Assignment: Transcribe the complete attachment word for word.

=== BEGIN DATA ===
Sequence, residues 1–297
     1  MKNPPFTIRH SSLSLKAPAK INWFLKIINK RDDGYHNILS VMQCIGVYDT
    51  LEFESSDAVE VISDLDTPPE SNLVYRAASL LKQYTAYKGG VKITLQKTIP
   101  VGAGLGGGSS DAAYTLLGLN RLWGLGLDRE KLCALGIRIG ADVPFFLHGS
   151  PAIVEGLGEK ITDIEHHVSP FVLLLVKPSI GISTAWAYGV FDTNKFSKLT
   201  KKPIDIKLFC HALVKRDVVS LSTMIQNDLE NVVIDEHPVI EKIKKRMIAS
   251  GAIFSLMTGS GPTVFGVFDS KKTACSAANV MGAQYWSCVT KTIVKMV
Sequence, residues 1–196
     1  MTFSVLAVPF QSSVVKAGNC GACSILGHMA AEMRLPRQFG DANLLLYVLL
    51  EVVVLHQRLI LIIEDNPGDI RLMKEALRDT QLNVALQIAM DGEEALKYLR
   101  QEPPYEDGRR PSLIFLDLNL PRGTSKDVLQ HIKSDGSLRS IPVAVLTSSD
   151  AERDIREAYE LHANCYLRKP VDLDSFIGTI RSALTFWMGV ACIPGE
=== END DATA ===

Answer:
Sequence, residues 1–297
     1  MKNPPFTIRH SSLSLKAPAK INWFLKIINK RDDGYHNILS VMQCIGVYDT
    51  LEFESSDAVE VISDLDTPPE SNLVYRAASL LKQYTAYKGG VKITLQKTIP
   101  VGAGLGGGSS DAAYTLLGLN RLWGLGLDRE KLCALGIRIG ADVPFFLHGS
   151  PAIVEGLGEK ITDIEHHVSP FVLLLVKPSI GISTAWAYGV FDTNKFSKLT
   201  KKPIDIKLFC HALVKRDVVS LSTMIQNDLE NVVIDEHPVI EKIKKRMIAS
   251  GAIFSLMTGS GPTVFGVFDS KKTACSAANV MGAQYWSCVT KTIVKMV
Sequence, residues 1–196
     1  MTFSVLAVPF QSSVVKAGNC GACSILGHMA AEMRLPRQFG DANLLLYVLL
    51  EVVVLHQRLI LIIEDNPGDI RLMKEALRDT QLNVALQIAM DGEEALKYLR
   101  QEPPYEDGRR PSLIFLDLNL PRGTSKDVLQ HIKSDGSLRS IPVAVLTSSD
   151  AERDIREAYE LHANCYLRKP VDLDSFIGTI RSALTFWMGV ACIPGE